S’porean hawker allegedly made to apologise for not giving free soup: Hawker’s daughter speaks up on difficulties
Being a hawker is not easy.
Some of you might know Pat Law as the founder of social media agency GOODSTUPH.
You might also know that her parents have been hawkers for more than four decades.
With the ongoing debate on the struggles of being a hawker in Singapore, Law shared her own family’s experience on her Instagram stories on October 14, detailing the difficulties her parents face not only with the hawker centre’s management, but also with local customers.
To illustrate her experience, Law shared a story of how shameless Singaporeans can get with our hawkers.
There are locals (yes, plural) who try to get her father’s soup and chilli for free, when they did not buy anything from the stall:
Even though her father would give in, Law’s mother would “bite back”.
A customer complained to the management about Law’s mother after one such instance, and the latter was made to apologise.
The soup, by the way, was made with over 20 herbs that Law’s father purchased on his only rest day of the week:
Now that her father is selling oyster omelettes, customers have tried to ask for as much as a 50 per cent discount:
The day where Law’s mother was made to apologise to the freeloader, she came home crying, asking Law to study harder so she wouldn’t have to be a hawker.
This, however, is only the tip of the iceberg of everything that is wrong with our hawker culture, if Law’s Instagram stories are anything to go by.
Rent: From S$500 to S$6,000 in 20 years
Law began by sharing some newspaper reports on the issue:
Before revealing the downsides to being a hawker in Singapore:
This includes only one off day a week, being asked to apply for compassionate leave in advance, and having rent increased exponentially but not being allowed to increase food prices for staff, and being made to pay GST.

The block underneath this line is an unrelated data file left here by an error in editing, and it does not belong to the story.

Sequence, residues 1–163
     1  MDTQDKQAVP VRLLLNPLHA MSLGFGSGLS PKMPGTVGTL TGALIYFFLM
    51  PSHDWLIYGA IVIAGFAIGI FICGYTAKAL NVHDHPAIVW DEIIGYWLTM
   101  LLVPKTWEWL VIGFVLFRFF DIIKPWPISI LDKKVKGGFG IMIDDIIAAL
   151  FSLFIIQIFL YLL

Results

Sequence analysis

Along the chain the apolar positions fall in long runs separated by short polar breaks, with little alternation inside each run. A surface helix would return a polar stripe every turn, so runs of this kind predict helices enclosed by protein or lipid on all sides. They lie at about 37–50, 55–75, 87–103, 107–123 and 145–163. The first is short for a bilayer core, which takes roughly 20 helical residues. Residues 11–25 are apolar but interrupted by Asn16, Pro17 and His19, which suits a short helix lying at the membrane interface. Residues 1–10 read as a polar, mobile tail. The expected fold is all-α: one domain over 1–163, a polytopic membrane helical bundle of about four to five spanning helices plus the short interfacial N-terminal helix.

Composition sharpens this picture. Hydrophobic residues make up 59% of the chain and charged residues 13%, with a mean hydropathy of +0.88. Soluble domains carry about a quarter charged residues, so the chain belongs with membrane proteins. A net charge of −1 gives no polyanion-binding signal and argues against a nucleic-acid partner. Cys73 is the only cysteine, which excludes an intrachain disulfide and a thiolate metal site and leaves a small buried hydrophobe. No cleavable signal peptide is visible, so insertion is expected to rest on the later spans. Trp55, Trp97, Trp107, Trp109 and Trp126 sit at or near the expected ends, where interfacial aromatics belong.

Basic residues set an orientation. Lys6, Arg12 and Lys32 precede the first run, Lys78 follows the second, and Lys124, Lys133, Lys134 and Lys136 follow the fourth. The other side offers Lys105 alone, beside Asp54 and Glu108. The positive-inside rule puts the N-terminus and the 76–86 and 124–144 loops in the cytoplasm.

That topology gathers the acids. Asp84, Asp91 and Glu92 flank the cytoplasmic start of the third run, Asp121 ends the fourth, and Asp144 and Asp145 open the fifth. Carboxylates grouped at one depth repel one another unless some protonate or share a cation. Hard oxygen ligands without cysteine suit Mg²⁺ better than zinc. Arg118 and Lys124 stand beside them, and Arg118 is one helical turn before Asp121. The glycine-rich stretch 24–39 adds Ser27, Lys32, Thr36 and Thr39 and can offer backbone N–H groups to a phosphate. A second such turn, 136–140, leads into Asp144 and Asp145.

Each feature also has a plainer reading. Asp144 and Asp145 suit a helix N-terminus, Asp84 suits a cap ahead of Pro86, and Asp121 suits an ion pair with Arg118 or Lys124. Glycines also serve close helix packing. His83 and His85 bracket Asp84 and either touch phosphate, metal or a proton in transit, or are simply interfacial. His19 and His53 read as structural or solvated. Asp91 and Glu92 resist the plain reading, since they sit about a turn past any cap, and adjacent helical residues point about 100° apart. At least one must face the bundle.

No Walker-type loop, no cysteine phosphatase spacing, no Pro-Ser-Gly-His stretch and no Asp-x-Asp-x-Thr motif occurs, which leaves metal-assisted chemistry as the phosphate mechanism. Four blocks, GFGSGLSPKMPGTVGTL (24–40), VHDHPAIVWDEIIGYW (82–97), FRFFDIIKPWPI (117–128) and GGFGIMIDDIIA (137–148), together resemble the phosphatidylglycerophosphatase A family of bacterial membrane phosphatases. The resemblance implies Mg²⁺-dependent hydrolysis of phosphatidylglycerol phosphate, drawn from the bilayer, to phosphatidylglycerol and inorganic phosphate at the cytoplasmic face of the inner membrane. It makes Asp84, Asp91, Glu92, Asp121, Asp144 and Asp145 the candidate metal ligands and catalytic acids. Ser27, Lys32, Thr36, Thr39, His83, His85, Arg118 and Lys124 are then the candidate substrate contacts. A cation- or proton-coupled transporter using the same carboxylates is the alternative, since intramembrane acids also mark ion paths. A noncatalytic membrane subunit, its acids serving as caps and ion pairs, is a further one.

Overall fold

Law did not elaborate at which point in her parents’ 40-year hawker career did they experience these incidents.
Another photo of a newspaper report, where Law circled in red the claim that all charges for hawkers are transparent:
And why she is so angry, both with the management and her parents:
It is pertinent to note that Law does not say whether her parents are running their business in any of the hawker centres run by social enterprises as mentioned in the newspaper article she highlighted.
A hawker’s mindset
One of the issues, Law writes, comes from the hawkers themselves.
This is because many hawkers possess the mindset that they should not be difficult with the management, or they will be evicted from their stall.
Law goes on to declare that she would not be sorry if her father’s recipe — passed down from her grandmother — dies with him.
In fact, she would rather let it die than to be subjected to the social enterprises “bullying the shit out of [her]”:
It’s not easy to hire help, too:
Not solving the problem
And Law thinks that nothing useful has been done to solve the problems:
She then proposes some solutions to save our hawker culture:
Local customers demanding for lower prices
And it’s more than just management issues.
Local customers have also proven to be problematic, with their unreasonable demands for low prices and as above, even free food.
Another example of customers scrimping at a hawker’s expense:
Hitting back for making hawkers pay for tray returns
Another topic that has been making waves in Singapore is the fact that Jurong West Hawker Centre’s stallholders are made to pay 20 cents for every tray returned:
Law does not hold back her thoughts about those who came up with this initiative:
Social enterprise hawker centres vs traditional hawkers
It is worth noting that the media has recently cast a spotlight on social enterprise hawker centres — a project run by private organisations that aims to provide affordable food for the masses, while keeping fees low for the hawkers.
The initiative was proposed by the Public Consultation Panel on Hawker Centres formed in 2011, where the Ministry of Environment and Water Resources (MEWR) then accepted most of the panel’s recommendations.
To date, seven out of 114 hawker centres are managed by social enterprises including Fei Siong, NTUC Foodfare, Timbre, Koufu, and Kopitiam.
On the other hand, traditional hawker centres are managed by the National Environment Agency (NEA) (also managed by MEWR).
However, it is unclear if Law’s experience is with traditional management or social enterprise hawkers.
Top image from Pat Law’s Instagram and Prince Roy/Flickr